Friday, August 30, 2019

M. David Litwa's "How the Gospels Became History"

M. David Litwa is a scholar of ancient Mediterranean religions and Research Fellow at the Institute for Religion and Critical Inquiry in Melbourne, Australia. His most recent books include Desiring Divinity: Self-deification in Ancient Jewish and Christian Mythmaking and Hermetica II: The Excerpts of Stobaeus, Papyrus Fragments, and Ancient Testimonies.

Litwa applied the “Page 99 Test” to his new book, How the Gospels Became History: Jesus and Mediterranean Myths, and reported the following:
Page 99 of How the Gospels Became History tells the story of the Roman astrologer and diviner Nigidius. It was he who accosted Octavian, father of Caesar Augustus, on the steps of the Senate House. There Nigidius publicly prophesied that “the ruler of the world has been born!” Octavian, fearing that his son would overthrow the Roman Republic, planned to kill the child. Yet Nigidius rebuked him, remarking that it is impossible for the child to evade his imperial destiny.

This story, told by the Roman historian Suetonius, I compare with the presentation of Jesus in the gospel of Luke (2:29-32). In this account, a hoary old man meets the parents of Jesus in the temple courts. Scooping up the infant Jesus in his arms, he bursts forth in prophecy. The child—called light and glory for Israel and the nations—is thus announced as the world ruler (Messiah) whom God had promised the old prophet he would see before closing his eyes in death.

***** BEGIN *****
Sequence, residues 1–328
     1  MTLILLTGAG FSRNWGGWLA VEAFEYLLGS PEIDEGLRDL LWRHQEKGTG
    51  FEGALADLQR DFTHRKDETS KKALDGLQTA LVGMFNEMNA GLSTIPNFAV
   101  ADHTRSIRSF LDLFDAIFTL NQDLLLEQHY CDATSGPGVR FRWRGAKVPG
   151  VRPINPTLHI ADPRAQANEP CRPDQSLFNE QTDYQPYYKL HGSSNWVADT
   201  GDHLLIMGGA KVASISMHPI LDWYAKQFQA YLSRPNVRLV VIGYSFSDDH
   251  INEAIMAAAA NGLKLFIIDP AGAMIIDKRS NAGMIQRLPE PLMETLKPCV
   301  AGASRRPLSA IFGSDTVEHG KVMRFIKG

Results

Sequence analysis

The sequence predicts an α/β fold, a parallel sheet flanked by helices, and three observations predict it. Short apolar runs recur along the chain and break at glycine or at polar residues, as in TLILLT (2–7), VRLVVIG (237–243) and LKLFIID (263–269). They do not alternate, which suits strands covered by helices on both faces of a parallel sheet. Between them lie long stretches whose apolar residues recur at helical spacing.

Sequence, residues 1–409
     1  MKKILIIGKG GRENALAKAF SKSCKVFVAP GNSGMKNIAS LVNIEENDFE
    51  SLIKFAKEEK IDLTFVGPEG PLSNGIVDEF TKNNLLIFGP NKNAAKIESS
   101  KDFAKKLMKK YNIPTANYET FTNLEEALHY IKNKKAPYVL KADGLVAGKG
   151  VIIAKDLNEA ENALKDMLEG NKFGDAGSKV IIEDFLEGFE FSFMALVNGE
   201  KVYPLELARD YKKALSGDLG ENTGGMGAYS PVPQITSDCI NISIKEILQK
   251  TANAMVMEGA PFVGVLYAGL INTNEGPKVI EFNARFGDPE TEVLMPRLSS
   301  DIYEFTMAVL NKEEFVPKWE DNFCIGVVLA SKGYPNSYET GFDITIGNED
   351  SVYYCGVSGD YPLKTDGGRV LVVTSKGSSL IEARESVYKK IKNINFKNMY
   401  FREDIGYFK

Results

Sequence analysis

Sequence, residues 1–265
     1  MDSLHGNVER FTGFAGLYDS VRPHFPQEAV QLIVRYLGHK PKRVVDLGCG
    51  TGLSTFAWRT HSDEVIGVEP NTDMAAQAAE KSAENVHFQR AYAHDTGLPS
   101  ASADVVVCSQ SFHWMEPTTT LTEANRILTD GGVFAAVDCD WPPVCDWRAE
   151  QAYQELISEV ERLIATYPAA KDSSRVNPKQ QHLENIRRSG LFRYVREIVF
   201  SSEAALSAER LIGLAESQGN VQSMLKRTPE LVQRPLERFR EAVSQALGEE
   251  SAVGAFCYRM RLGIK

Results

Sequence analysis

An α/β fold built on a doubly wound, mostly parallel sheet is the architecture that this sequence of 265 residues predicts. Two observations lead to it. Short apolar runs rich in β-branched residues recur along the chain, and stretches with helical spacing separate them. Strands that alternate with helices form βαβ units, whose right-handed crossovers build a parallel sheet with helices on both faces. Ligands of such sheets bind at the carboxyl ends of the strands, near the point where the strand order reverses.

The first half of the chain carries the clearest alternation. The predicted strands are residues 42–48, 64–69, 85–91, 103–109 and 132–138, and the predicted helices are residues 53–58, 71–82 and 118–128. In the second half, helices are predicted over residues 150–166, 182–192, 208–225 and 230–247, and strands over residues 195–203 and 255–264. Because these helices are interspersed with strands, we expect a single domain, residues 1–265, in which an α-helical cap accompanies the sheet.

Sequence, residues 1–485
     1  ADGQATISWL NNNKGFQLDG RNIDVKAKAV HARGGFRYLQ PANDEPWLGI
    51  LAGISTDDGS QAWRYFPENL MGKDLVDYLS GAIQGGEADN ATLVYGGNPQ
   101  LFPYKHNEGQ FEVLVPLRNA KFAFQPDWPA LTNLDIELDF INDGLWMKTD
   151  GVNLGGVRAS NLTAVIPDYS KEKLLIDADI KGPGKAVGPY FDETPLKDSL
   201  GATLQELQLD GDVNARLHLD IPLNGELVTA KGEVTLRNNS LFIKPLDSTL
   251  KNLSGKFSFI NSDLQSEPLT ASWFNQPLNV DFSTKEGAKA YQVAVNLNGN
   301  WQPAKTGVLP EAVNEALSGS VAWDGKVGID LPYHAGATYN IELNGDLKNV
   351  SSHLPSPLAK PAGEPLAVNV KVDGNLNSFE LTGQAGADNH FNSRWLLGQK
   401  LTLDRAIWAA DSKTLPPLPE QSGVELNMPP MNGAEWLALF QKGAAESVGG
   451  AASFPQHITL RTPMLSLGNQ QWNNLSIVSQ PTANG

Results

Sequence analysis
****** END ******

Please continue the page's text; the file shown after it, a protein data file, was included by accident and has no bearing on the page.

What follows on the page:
Although this comparison cannot sum up the whole work, it well exemplifies my comparative method. I search ancient texts thought to be historical (here using a biography by Suetonius). In these works I examine fantastical stories (“myths”) made to look like past events but which better correspond to imagined literary templates. In this case, the old prophetic sage who prophesies the future world domination of an infant in a public building before many witnesses is one of these templates. Both the author of Luke and Suetonius molded this entertaining and poignant template to look like a historical account.

Nevertheless, this same template appears in so-called mythical texts. In one of these texts, the old Theban prophet Tiresias makes a prophecy before the infant Heracles about his future domination and glory. In a version of the myth told by Theocritus, Tiresias makes a private revelation to Alcmene, Heracles’s mother, which resembles the aside that Simeon makes to Mary, mother of Jesus.

This is one of the many comparative ventures readers will encounter in my book which argues that the gospels, though written in the form of history (as the ancients understood it), features many fantastical stories spun from literary templates.
Visit M. David Litwa's website.

--Marshal Zeringue